Friday, August 1, 2008

Proportional Representation 3: Variations on a Theme

In this series, I have described two extremes: 1) pure proportional representation, and 2) single-member district plurality voting.

But some countries have created hybrid systems, that have elements of both. Exhibit A is Germany.

The current German state, the Federal Republic of Germany (its initials in German are "BRD"), was created in 1949, and at that time consisted of the American, British and French zones of post-World War II occupation. That is what was known as "West Germany" from 1949 to 1990. In 1990, the BRD expanded to take in the areas that had been East Germany.

The seats in the lower house of the German parliament, the Bundestag, are divded into two types. Half of the seats are elected via proportional representation. The other half are elected from individual constituencies, through a plurality, or "first past the post" system. That means that the candidate with the higher number of votes wins, regardless of whether that vote total is a majority.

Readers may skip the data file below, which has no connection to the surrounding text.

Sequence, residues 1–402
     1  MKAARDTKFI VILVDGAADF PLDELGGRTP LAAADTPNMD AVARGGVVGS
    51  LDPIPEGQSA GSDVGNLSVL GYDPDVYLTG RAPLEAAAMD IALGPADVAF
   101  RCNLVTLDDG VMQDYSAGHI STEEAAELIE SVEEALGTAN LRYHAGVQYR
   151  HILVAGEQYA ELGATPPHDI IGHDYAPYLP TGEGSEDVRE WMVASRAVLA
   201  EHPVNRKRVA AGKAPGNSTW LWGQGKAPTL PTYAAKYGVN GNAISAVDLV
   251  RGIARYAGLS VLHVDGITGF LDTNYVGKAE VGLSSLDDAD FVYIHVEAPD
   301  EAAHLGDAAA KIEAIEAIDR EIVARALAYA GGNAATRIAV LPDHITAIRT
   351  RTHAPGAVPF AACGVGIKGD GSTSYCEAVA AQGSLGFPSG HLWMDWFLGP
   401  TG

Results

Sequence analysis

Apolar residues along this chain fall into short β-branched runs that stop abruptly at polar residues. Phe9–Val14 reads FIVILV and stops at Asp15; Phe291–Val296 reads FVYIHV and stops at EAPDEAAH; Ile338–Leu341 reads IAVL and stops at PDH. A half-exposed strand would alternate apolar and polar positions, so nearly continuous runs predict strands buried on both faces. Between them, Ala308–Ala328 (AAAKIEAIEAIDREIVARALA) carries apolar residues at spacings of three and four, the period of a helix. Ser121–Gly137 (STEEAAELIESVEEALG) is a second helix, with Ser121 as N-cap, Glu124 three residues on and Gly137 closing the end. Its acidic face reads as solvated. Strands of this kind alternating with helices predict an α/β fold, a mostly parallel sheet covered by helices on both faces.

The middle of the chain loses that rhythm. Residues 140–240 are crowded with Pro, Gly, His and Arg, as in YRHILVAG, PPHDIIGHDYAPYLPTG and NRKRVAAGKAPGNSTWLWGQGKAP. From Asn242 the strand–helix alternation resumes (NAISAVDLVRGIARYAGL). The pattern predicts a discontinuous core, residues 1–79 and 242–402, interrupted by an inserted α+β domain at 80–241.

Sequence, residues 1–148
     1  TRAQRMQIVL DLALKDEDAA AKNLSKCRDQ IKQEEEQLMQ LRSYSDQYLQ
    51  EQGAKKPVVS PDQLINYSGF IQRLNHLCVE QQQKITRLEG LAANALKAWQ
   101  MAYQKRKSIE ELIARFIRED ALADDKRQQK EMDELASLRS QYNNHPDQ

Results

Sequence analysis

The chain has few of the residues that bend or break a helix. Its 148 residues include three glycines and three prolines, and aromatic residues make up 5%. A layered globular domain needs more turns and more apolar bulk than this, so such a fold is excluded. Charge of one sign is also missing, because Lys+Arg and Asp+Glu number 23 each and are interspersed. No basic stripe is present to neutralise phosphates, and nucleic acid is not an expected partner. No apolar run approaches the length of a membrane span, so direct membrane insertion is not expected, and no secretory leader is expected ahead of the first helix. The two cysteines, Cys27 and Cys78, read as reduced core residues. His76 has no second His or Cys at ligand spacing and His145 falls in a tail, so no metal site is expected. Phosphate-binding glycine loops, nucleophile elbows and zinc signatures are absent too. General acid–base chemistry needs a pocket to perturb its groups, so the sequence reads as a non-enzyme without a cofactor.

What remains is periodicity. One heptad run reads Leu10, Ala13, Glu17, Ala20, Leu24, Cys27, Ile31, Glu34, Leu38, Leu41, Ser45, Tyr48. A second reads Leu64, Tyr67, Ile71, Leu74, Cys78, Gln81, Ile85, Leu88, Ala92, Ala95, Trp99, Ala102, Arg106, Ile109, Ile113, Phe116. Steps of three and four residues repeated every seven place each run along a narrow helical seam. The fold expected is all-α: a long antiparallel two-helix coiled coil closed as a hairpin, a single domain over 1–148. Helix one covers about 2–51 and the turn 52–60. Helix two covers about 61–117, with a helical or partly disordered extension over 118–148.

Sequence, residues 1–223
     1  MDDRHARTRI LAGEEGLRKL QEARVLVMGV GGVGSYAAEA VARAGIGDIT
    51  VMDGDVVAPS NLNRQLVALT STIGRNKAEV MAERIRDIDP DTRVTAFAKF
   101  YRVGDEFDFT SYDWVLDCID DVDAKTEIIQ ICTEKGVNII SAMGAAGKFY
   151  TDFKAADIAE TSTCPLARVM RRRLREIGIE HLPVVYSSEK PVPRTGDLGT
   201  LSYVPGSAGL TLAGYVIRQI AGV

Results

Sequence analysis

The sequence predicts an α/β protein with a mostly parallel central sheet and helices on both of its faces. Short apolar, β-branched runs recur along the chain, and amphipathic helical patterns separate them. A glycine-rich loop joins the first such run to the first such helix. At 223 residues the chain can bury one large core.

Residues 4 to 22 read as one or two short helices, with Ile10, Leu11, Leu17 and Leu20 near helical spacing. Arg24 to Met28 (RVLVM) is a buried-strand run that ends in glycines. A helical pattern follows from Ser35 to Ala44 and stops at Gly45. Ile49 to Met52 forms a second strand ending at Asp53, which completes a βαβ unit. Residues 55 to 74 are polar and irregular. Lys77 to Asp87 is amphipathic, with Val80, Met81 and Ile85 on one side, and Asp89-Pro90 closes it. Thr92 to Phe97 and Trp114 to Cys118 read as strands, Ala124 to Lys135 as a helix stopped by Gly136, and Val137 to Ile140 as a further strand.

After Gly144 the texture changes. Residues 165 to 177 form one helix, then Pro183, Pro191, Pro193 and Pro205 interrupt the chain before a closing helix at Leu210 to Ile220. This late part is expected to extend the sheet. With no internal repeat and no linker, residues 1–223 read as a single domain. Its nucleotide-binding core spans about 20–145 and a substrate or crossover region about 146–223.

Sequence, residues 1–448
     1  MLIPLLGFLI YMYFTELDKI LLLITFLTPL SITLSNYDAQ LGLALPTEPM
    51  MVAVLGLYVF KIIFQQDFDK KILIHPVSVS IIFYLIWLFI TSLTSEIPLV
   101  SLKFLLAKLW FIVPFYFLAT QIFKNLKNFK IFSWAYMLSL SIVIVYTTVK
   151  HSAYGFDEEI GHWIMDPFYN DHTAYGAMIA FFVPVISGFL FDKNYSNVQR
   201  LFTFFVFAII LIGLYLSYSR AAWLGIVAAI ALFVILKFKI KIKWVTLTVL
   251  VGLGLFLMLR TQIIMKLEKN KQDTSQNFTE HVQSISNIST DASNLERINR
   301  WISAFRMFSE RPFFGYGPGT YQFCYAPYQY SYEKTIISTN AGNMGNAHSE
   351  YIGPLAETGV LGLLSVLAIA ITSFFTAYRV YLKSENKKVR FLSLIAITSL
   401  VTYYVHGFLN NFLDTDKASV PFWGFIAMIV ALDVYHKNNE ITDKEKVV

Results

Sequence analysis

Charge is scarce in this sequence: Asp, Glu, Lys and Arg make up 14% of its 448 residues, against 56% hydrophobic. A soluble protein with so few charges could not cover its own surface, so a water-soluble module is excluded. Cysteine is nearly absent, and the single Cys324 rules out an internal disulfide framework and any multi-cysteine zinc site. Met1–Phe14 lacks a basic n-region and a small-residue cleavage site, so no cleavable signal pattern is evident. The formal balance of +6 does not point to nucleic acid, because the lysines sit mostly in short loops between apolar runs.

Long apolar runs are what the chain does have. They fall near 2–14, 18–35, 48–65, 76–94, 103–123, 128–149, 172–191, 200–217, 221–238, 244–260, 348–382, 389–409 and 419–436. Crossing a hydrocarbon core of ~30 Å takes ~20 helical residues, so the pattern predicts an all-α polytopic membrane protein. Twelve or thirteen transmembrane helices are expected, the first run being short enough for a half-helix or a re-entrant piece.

That mixed system dates from the creation of the BRD in 1949, and continued after reunification of West and East in 1990.

The Germans wanted to avoid the political chaos that had resulted from proportional representation in the so-called "Weimar Republic" that governed Germany between the World Wars. Multiple parties in shifting coalitions found themselves unable to effectively address issues such as post-war reconstruction, inflation and unemployment. Those problems contributed to the ability of the Nazi Party to come to power in 1933, despite their not having won a majority in a national election.

Two elements were included in the electoral system for the post-World War II Bundestag, that were intended to prevent a recurrence of such events:

  1. Restricting proportional representation to only half of the seats, and

  2. Requiring any party to get either 5% of the votes, or victory in at least 3 constitutencies, in order to get any proportional seats.

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